Cisco firewall and security products continue to have one of the highest rates of published product vulnerabilities. Although Cisco is a high-profile target, security products must have a higher level of assurance than general-pupose products.
The ASA line is becoming somewhat dated and, although Gartner expects Cisco to introduce new models. Cisco often is excluded from placements with high throughput. Cisco's Firewall Services Module (FWSM) and ISR have been on a separate firewall development stream (closer to the PIX code base) and haven't benefited from ASA advances.
The requirement to add a hardware module (the AIP-SSM) to add IPS capability to the ASA firewall appliance remains a barrier to deployment and a competitive disadvantage for branch-office deployments. The add-in module does, however, provide processing help with the deep inspection load. If the SSM module is used for IPS, then it cannot be used for other content inspection.
Cisco remains elusive on competitive firewall shortlists by Gartner customers. Cisco firewall products are selected more often when security offerings are added to Cisco's infrastructure, rather than when there is a shortlist with competing firewall appliances. Cisco was listed by competitors as the product they most replace. This is likely to change as the PIX replacement cycle ebbs. This is not a strong caution, given Cisco's market share.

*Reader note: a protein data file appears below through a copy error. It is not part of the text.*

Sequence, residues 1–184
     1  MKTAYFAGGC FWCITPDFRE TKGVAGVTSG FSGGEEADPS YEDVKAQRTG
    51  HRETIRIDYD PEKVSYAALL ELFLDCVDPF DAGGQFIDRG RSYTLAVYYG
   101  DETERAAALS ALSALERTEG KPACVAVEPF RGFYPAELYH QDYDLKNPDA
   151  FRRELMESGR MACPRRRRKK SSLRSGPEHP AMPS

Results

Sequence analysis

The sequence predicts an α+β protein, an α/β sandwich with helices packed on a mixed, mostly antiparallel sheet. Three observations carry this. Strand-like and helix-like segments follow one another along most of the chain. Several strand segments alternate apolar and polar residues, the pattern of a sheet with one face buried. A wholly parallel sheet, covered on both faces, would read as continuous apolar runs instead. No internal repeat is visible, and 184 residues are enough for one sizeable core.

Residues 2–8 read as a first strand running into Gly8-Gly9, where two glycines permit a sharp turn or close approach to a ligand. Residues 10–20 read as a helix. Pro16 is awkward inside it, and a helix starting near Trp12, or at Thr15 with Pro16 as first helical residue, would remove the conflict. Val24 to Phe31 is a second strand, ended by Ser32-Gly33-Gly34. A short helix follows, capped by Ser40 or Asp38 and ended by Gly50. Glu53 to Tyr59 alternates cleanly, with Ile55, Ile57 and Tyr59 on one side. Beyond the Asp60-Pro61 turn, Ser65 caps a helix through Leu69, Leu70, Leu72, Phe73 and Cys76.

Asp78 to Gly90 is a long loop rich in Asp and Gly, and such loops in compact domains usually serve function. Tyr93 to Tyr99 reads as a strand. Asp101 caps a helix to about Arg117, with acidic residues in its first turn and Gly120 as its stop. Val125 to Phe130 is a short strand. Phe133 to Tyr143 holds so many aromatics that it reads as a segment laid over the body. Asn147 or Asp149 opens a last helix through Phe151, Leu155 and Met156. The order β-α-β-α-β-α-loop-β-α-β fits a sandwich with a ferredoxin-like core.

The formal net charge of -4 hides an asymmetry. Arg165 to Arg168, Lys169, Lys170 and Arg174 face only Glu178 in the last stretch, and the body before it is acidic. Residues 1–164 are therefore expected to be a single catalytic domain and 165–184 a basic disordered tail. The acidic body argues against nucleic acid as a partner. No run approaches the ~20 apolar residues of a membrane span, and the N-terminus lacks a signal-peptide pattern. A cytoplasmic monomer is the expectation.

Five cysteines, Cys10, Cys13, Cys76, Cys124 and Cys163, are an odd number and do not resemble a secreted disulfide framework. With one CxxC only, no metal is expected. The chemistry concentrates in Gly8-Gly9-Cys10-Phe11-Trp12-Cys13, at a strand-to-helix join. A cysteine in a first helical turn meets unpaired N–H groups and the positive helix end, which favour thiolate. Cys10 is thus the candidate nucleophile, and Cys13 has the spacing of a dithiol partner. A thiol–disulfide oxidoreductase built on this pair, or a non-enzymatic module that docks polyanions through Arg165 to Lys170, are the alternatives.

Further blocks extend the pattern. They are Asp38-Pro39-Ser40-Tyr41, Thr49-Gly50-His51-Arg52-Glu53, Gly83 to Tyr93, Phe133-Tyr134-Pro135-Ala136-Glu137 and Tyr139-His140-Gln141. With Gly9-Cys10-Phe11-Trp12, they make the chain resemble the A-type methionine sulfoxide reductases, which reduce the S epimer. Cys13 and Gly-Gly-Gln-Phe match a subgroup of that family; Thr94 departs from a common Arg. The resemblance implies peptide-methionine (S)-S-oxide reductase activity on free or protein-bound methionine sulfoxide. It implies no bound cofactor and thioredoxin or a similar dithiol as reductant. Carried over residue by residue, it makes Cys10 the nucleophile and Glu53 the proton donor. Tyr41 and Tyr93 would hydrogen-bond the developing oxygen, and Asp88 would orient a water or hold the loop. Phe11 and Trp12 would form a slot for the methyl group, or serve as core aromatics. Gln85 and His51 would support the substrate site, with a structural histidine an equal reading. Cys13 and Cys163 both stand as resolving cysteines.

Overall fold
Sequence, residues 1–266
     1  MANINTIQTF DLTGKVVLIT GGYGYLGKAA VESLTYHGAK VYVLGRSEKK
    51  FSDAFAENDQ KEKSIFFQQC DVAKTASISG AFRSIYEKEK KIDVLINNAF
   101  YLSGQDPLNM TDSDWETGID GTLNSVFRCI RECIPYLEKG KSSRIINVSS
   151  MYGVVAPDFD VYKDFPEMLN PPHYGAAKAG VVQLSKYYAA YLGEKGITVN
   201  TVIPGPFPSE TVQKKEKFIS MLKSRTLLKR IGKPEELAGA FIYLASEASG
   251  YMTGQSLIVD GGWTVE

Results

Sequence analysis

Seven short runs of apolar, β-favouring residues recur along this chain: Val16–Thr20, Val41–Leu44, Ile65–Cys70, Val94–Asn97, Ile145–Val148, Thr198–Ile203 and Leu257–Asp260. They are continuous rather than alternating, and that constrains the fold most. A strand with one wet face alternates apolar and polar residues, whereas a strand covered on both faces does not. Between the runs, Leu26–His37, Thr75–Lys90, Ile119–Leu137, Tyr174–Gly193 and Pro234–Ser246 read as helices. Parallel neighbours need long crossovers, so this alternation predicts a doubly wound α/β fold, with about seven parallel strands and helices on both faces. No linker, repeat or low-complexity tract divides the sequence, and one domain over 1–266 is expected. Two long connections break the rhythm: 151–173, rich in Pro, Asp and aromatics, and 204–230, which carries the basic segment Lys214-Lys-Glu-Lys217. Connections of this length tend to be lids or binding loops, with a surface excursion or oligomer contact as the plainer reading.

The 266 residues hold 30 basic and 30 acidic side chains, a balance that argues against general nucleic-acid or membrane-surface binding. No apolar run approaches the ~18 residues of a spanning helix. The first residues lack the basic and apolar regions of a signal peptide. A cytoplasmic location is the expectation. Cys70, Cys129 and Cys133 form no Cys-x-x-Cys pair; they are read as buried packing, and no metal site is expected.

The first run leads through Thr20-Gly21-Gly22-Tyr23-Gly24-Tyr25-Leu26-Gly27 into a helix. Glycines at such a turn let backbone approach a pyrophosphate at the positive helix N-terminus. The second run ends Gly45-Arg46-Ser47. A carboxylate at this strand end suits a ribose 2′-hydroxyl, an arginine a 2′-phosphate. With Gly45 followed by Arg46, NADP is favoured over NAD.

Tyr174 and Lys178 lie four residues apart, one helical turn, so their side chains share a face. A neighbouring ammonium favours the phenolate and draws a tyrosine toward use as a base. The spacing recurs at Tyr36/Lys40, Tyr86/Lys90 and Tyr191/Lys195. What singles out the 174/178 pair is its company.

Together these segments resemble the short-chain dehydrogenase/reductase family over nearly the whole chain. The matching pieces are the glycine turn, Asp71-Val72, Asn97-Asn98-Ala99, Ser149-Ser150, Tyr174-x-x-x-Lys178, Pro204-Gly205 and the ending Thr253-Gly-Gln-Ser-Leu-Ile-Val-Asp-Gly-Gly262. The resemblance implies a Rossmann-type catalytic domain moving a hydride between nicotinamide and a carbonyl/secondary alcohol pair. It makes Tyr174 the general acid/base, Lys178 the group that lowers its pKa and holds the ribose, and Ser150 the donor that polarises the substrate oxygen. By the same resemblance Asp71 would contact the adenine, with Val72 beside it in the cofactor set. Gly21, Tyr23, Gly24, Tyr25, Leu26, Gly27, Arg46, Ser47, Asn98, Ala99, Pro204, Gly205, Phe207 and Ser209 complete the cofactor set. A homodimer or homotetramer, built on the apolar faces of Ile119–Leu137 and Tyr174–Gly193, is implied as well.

The integration of reputation features across Cisco security products is a highly significant feature differentiator that is often missed in enterprise selections.
Its Adaptive Security Appliance (ASA) has the option to add an IPS module (AIP-SSM) to replace a stand-alone IPS. The ASA is available in four editions, which clearly define what safeguards are being purchased.
Cisco has significant market share in security (including having the largest market share for firewall appliances), has wide geographic support and is viewed as a significant (second-highest)enterprise competitive threat by the vendors we surveyed.
Gartner's take on Palo Alto Networks:
Palo Alto Networks has been selling firewalls since approximately 2007. Although essentially a startup, Palo Alto Networks is not a typical startup, because the company is well backed, including first-tier venture capitalists; the founders are alumni from other firewall companies; and the CTO invented stateful protocol inspection. The company's application ID feature was one of the first in the firewall market to categorize applications within HTTP/HTTPS.
The firewall and IPS are closely integrated, with App ID implemented within the firewall, obviating unnecessary IPS deep inspection.
Palo Alto Networks often enters enterprises via URL-filtering selections, where its per-box charge does better than most competitors that charge a per-user fee.
The company has also linked the Application ID feature to Active Directory, meaning that reporting and setting the application policy can be by name and organization, rather than by IP address alone.
Palo Alto Networks was early to introduce effective application identification (App ID), allowing for categorizing, blocking and rate-shaping of applications, primarily within HTTP and HTTPS, and it generally leads in application categorization.